I’ll just take this opportunity to emphasize again what a great positive influence Overthinking It has been for me, and I think for so many people. I started out as a reader of the blog and didn’t get into the podcast until it was already a going concern for a few years. Then I got hooked for a while, and although more recently I’ve gotten out of the habit of listening to podcasts altogether, I do like to check the description each week and will give one a listen if it happens to be on a topic I’m especially interested in. (I totally abandoned the spreadsheet project a while ago too; someday when I’m not busy I will go back and start catching up on that.) Anyway, OTI opened my mind to a certain way of enjoying pop culture that I think I had never exactly encountered before. If I had to define the OTI approach, I think its essence is the blending of a few different strands: frankly admitting that some things are just entertaining even if they aren’t works of artistic genius; digging down to find the sometimes surprising complexity and real artistic merit that might be hidden in unexpected places; taking things too seriously as a “bit”; and then truly delighting in all of that, doing it with relish, for the fun and the giddy pleasure of life and the nonsense that our species keeps on producing. There were times when listening to you guys blather on made me feel happy to be alive. The whole archive of OTI podcasts are a blessing to the world. (Yes Matt, even the early ones that you’ve sometimes said “aren’t all gems” have some moments of absolute brilliance in them!)

    So my message is… Don’t be too dismayed by this setback, get back in the saddle next week, and keep up the good work!


    • Matthew Wrather OTI Staff #

      I really appreciate that — I’m glad we’ve done some good. And the “absence makes the heart grow fonder” angle is very generous of you.

      Those early ones aren’t all gems though. And I’m vaguely afraid we’ve said something impolitic at one point and it will surface in some future job interview. It’s so easy to transcribe and index audio now. Maybe I should take them off the internet and make them available to members only. I think we had promised to do that for members at some point.


      • April #

        I feel a lot of fellowship with what you sound like you’re feeling in the update you recorded.

        As an anxiety-haver, I go through frequent cycles of realizing I’ve made a mistake and thinking it’ll mean everyone is angry at me and thinks I’m incompetent. Gradually, I’ve learned that people overwhelmingly don’t expect perfection and are understanding about the odd mistakes. Also, if something is a big enough deal for me to find the mistake and kinda freak out about it, the thing it relates to is probably a bigger deal in my life than it is in most other people’s lives.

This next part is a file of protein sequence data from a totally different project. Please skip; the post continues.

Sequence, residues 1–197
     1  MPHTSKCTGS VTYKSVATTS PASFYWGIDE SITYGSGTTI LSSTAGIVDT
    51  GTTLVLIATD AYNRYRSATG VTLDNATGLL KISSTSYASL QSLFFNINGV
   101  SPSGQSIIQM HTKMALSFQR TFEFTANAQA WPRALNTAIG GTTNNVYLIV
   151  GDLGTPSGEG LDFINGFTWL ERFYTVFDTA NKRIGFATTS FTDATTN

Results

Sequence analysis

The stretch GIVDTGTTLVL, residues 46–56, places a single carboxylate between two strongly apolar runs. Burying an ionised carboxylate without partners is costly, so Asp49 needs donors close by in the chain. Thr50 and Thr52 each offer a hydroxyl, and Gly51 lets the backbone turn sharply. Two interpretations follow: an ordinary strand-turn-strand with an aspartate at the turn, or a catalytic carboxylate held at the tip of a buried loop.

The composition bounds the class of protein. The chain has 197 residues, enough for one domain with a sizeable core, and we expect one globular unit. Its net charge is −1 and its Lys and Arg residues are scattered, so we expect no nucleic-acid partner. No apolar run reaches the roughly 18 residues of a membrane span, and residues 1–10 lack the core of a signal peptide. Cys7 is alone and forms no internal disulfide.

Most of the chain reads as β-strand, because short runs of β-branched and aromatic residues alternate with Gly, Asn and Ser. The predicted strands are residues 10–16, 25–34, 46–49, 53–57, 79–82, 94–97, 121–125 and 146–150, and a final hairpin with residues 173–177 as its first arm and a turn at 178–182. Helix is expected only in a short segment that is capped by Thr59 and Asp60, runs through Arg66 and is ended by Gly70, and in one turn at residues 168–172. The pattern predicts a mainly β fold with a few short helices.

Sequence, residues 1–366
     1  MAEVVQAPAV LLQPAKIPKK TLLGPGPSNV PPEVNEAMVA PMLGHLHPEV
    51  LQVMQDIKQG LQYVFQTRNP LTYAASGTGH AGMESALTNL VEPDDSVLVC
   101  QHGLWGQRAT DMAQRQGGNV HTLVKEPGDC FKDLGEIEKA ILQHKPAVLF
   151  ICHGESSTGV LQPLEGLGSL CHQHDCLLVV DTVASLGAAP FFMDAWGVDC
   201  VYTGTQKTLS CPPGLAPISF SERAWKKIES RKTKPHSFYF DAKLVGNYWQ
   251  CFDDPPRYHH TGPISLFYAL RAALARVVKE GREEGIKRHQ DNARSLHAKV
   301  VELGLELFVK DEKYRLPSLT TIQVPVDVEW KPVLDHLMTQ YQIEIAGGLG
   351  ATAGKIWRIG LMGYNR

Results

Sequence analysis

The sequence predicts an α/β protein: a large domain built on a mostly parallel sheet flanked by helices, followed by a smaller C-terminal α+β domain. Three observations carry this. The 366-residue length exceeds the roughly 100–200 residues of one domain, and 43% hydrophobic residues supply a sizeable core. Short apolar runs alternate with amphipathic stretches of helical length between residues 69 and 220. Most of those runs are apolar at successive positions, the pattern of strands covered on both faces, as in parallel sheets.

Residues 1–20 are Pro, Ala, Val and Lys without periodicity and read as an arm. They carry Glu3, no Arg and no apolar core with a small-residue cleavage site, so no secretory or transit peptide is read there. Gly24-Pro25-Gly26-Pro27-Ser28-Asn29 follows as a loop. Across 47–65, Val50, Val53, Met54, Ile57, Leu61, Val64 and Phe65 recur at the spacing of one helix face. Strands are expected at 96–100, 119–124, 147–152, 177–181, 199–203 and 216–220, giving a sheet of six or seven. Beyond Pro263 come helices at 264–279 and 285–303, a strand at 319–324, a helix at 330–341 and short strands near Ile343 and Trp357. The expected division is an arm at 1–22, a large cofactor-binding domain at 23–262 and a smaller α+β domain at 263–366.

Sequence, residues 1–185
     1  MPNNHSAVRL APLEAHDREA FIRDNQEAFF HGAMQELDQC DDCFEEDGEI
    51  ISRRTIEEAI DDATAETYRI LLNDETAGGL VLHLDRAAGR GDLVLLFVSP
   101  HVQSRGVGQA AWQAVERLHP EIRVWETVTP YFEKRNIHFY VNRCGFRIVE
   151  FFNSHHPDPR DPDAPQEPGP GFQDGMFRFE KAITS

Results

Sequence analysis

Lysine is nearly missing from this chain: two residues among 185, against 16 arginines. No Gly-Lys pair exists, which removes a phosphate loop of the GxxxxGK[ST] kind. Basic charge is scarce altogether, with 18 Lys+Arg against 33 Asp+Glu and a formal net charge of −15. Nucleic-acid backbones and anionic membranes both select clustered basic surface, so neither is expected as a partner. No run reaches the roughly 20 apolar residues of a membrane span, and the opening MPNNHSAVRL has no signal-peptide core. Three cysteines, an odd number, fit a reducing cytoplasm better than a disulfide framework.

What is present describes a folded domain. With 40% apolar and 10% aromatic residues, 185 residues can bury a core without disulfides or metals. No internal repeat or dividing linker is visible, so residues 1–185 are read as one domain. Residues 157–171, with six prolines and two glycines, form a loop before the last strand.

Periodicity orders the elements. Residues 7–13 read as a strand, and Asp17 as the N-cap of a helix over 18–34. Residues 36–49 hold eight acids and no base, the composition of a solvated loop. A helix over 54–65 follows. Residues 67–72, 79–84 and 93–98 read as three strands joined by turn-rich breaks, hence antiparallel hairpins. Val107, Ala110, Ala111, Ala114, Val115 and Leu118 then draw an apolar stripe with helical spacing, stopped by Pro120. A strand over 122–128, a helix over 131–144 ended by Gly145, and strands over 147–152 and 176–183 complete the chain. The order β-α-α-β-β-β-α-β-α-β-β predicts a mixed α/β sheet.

I love this podcast and enjoy watching out for new episodes, but a missing one is more a matter of shrugging and deciding to check out an old episode I haven’t gotten to yet or relisten to an old one I loved. Especially with your reassurance that this isn’t a sign that you’re phasing it out.

        It makes sense that a 15 year streak would be a big deal and something you’d feel emotional about. But I don’t think anyone who isn’t an asshole is really upset with you.


  5. Joseph Member #

    Please don’t beat yourself up about this, Matt. It was an honest mistake that could happen to anyone.

    Speaking from experience here, because I’ve screwed up the recording of my own podcast half a dozen times over the last ten years. It never, ever feels good. The only thing you can do is take a deep breath, be kind to yourself, and try really hard to remember that mistake next week. You’re only human; your listeners understand that.

    Thank you for all the hard work you and the entire OTI crew have put into bringing us weekly podcasts for the past 15 years. That’s an amazing feat all on its own! And in a weird way, it’s comforting to know that this sort of thing happens to the best of us.

    You’re the best, Matt.


    • Matthew Wrather OTI Staff #

      That’s too kind. Really appreciate the support, especially since you know how it feels.

      But one point of clarification — we are not human, we are disembodied floating clouds with wry, ironical expressions.


  6. Mark Lee OTI Staff #

    If any of you work in IT, now is the time to share the story of when you took down a production environment and how you’ve lived to tell the tale.

    (I once took down a development environment a few hours before a client demo but was able to hastily reassemble it in time…or at least that’s the story I tell myself to paper over the trauma.)